Rep. Frank M. Kratovil Jr. joined a panel of representatives from environmental organizations last week to discuss a shift toward clean energy, which he said could expand the job market and stimulate the economy.
About 100 residents gathered at Broadneck High School in Annapolis Wednesday night for a town hall meeting in which they questioned Kratovil, along with clean energy experts, about the benefits of switching to a more environmentally friendly lifestyle.
"Our region is filled with men and women who are dedicated to finding new technologies that promote environmental health," said Kratovil, a District 1 Democrat. "The purpose of meetings like tonight is so interested parties and citizens have the opportunity to work together to revitalize our economy and promote cleaner energy in Maryland."
Ben Goldstein, a research associate for the Center for American Progress who served on the panel, said the need for skilled labor to construct windmills and new electrical transmission systems and retrofit buildings would yield numerous jobs.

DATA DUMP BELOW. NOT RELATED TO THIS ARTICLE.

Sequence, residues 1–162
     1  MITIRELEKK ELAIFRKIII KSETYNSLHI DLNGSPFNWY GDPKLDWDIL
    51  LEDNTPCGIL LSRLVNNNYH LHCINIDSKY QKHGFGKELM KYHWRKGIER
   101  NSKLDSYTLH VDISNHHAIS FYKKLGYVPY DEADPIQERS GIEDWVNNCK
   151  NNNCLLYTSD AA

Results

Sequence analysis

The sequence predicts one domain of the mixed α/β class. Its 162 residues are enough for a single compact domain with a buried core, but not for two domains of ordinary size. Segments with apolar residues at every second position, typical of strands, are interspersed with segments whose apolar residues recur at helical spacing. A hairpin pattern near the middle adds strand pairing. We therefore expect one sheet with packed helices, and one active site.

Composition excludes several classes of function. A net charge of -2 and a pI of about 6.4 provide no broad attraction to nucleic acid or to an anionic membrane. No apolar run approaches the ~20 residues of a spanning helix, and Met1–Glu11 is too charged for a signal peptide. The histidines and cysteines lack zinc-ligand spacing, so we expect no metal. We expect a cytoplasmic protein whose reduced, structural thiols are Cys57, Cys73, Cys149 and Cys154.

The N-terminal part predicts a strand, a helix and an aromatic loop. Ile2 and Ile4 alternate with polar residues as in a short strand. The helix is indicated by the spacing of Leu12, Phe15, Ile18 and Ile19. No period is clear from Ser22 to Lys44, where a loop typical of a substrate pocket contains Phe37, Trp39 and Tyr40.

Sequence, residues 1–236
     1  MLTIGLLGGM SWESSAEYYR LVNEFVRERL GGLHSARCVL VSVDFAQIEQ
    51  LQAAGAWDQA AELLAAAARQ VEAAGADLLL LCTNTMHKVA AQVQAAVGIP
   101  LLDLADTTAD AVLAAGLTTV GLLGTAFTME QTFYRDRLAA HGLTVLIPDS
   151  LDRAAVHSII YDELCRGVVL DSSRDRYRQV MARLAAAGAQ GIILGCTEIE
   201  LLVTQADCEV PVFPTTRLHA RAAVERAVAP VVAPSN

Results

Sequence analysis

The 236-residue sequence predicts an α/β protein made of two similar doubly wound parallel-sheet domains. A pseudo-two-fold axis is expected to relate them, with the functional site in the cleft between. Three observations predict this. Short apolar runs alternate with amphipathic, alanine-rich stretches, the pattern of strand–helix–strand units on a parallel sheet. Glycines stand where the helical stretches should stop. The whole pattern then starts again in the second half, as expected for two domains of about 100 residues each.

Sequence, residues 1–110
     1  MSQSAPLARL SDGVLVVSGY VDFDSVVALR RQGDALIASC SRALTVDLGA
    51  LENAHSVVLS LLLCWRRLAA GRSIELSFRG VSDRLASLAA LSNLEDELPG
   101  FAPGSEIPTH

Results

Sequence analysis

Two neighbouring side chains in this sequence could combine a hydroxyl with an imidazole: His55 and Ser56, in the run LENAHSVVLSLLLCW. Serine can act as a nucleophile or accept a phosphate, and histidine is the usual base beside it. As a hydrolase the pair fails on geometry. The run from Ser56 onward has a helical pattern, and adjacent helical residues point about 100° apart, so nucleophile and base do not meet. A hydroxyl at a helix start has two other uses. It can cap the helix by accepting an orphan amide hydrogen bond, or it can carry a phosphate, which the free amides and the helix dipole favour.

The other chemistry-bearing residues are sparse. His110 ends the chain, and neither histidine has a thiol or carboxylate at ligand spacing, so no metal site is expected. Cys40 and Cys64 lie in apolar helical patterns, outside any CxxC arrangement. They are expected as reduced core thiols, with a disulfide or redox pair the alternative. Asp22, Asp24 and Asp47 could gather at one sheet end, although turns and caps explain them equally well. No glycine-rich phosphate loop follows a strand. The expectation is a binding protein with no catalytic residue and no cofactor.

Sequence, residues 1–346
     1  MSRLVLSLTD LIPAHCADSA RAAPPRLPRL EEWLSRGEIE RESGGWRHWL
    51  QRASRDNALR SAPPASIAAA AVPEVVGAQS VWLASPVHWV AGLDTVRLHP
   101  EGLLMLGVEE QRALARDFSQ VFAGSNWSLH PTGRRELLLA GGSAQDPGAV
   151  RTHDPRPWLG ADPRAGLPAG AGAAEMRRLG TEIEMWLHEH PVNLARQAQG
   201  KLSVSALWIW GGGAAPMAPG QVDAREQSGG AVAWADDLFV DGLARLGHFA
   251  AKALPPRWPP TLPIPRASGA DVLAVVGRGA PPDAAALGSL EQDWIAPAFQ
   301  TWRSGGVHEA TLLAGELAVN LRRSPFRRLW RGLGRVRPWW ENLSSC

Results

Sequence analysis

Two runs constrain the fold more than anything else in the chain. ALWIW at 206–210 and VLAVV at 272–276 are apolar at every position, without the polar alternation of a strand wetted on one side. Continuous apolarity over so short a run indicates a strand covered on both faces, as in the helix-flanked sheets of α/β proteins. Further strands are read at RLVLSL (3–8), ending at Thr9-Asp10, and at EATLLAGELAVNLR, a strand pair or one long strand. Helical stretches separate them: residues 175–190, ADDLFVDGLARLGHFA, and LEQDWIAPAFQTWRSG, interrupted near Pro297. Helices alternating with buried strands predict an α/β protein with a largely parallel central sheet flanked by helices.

The stimulus bill signed into law last week, which Kratovil voted for, includes more than $30 billion for energy initiatives, including renewable electrical energy and advanced battery technology. The package provides $5 billion for weatherization assistance, which increases the energy efficiency of buildings with features such as better windows, roofing and pipe protection. Twenty percent of that money is to be used for job training.
Kratovil said the meeting served as the beginning of "an ongoing dialogue on how we can best protect our environment, reduce global warming, reduce our dependence on foreign oil and grow our American economy at the same time."
Justin Ready, executive director of the Maryland Republican Party, said government spending does not serve as a feasible long-term solution to unemployment rates.
"There's a disconnect between rhetoric of creating jobs and actually enacting policies that would allow businesses, especially small businesses, and entrepreneurs to create jobs," he said.